Article

Hepatitis B and C virus co-infection in Nigerian patients with HIV infection.

Medicine Department, NHA, Abuja, Nigeria.
The Journal of Infection in Developing Countries (Impact Factor: 1.27). 06/2009; 3(5):369-75. DOI: 10.3855/jidc.245
Source: PubMed

ABSTRACT We set out to determine the seroprevalence of hepatitis B and hepatitis C viruses among human immunodeficiency virus infected individuals and its impact on pattern of presentation.
A serological study for hepatitis B and hepatitis C viruses was performed on 260 HIV-positive individuals. These patients were tested for the presence of hepatitis B surface antigen and anti-hepatitis C virus (HCV) antibody.
Thirty (11.5%) patients tested positive for hepatitis B surface antigen, six (2.3%) tested positive for anti-hepatitis C virus antibody, four (1.5%) were positive for both hepatitis B surface antigen and anti-hepatitis C virus and the overall prevalence was 15.4% . Individuals younger than 40 years of age were more affected, and the odds ratio of a female being co-infected was 1.2, 25% versus 75% p value = 0.03. The prevalence of HIV and hepatitis co-infection rises with age except for hepatitis C. There was no significant difference in the mean levels of liver enzymes (AST, ALT) among the various groups. The groups differ significantly in their mean CD4 count: it was lowest for those co-infected with hepatitis B and hepatitis C; 106 cells/mm(3), 171 cells/mm(3) for those with HIV alone; and the highest value of 260 cells/mm(3) was obtained in those who tested positive for anti-HCV. Scarification marks and multiple blood transfusions were more common among those infected. There was no case of intravenous drug abuse identified.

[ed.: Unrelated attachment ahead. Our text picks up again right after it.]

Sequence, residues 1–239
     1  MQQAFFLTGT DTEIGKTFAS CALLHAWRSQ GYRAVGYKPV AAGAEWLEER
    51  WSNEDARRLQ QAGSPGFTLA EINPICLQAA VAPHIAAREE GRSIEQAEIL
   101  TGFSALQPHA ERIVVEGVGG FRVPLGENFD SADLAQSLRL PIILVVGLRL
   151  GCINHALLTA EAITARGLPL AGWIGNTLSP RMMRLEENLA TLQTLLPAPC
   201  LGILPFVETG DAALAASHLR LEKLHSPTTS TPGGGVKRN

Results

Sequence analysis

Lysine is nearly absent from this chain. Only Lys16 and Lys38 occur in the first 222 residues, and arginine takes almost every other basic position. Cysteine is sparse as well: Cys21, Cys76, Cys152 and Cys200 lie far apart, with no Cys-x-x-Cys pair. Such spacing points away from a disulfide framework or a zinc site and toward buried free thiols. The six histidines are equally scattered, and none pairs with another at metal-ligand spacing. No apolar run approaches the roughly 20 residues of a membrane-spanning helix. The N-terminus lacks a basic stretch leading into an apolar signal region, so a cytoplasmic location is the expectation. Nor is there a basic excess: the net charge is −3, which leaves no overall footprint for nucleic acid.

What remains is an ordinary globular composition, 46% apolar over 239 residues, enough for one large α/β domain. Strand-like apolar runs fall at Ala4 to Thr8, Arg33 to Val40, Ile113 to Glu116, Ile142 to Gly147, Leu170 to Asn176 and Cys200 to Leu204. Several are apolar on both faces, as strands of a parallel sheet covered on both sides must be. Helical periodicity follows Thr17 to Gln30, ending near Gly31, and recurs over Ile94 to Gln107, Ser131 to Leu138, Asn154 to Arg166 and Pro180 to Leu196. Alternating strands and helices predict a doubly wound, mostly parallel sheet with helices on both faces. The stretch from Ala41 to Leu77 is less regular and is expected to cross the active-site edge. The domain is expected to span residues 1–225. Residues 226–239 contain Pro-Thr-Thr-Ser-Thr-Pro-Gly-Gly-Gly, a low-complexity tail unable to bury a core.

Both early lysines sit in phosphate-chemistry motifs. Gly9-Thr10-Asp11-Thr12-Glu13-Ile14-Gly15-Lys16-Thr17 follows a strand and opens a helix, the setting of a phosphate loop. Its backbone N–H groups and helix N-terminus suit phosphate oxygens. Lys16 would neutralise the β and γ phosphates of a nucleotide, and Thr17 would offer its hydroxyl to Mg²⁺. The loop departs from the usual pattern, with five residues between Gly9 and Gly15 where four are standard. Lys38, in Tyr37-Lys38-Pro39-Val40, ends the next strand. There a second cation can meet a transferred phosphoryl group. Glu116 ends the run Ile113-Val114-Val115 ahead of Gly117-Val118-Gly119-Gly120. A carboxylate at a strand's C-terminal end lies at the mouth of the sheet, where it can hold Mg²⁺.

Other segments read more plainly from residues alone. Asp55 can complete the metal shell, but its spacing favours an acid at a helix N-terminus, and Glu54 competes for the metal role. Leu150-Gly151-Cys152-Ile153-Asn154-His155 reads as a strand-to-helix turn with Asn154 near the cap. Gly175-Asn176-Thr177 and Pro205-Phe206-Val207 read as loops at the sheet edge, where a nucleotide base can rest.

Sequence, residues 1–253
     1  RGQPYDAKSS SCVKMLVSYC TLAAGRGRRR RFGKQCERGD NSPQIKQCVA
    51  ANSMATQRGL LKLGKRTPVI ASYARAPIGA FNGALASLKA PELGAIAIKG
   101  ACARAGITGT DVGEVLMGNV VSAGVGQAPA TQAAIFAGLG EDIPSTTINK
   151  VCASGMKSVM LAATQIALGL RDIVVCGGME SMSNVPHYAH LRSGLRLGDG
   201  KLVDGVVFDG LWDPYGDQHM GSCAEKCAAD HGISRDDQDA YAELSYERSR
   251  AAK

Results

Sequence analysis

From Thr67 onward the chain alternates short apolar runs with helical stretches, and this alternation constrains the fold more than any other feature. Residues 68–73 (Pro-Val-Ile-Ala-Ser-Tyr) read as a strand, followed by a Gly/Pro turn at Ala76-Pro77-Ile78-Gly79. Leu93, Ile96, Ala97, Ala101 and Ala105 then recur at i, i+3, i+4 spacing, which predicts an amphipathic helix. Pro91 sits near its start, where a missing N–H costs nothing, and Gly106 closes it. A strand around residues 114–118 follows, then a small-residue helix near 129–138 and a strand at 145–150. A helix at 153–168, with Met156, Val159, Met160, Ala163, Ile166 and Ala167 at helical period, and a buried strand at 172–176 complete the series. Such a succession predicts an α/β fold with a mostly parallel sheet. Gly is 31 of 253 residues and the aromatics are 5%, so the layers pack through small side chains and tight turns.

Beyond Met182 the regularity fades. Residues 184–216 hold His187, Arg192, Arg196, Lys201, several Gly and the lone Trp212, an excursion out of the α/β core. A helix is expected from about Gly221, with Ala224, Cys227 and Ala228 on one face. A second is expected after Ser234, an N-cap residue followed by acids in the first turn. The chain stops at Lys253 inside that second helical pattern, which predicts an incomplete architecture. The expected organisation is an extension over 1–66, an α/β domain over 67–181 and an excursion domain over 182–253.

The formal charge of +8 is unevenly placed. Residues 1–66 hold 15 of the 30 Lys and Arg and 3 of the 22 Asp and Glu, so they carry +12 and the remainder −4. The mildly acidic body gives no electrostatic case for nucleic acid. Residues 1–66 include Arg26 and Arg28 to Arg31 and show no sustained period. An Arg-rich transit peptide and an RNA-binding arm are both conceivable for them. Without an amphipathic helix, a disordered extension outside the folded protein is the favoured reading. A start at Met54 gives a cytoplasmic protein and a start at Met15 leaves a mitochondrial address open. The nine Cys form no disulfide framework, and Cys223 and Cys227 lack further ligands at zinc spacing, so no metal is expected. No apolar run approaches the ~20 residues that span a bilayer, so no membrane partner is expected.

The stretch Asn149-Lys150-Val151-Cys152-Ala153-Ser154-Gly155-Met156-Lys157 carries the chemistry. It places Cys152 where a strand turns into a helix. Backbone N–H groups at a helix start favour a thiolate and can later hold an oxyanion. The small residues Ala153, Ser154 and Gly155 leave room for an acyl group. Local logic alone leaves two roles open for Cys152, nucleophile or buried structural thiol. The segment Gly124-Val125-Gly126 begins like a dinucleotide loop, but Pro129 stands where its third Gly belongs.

This low frequency of HIV/HCV co-infection is probably due to the uncommon intravenous drug abuse in this population. Co-infection with hepatitis B virus is common among our HIV-infected patients and should be a major consideration in the initiation and choice of therapy.

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Available from: Olufemi O Adewole, Aug 05, 2014
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    ABSTRACT: Human immunodeficiency virus (HIV), Hepatitis B virus (HBV) and Hepatitis C virus (HCV) are the three most common chronic viral infections all over the world. Co-infections of HIV-HBV and/or HIV-HCV are common and becoming a large public health problem in the globe. The impact of viral interaction on the natural history and treatment has become increasingly important in the clinical management of HBV-HIV and HCV-HIV co-infected individuals especially in regions where these diseases are endemic. Though HAART improves the lives of many HIV positive individuals, liver diseases become a major cause of morbidity and mortality in HIV-viral hepatitis co-infected individuals. The clinicians need accurate information regarding the risk of hepatotoxicity, anaemia and psychiatric problems associated with antiretroviral drugs especially when there is viral hepatitis co-infection. There should be also guidelines that support health care providers how to manage HIV-HBV and HIV-HCV co-infected individuals. It is also important to give special attention for drug induced hepatotoxicity in HIV-HBV/HCV co-infected individuals before initiation of antiviral treatment. In addition, prevention strategies like screening of all HIV-positive patients for HBV and HCV before initiation of ART, vaccination against HBV, safe sexual practice and harm-reduction for intravenous drug users, safe blood and blood products are important for HIV positive patients to be beneficial from HAART programs. Regular monitoring of HIV patients who have chronic HBV and HCV is also mandatory in order to avoid complications of liver diseases. Farther more, creating awareness in the community is also important to solve the problem.
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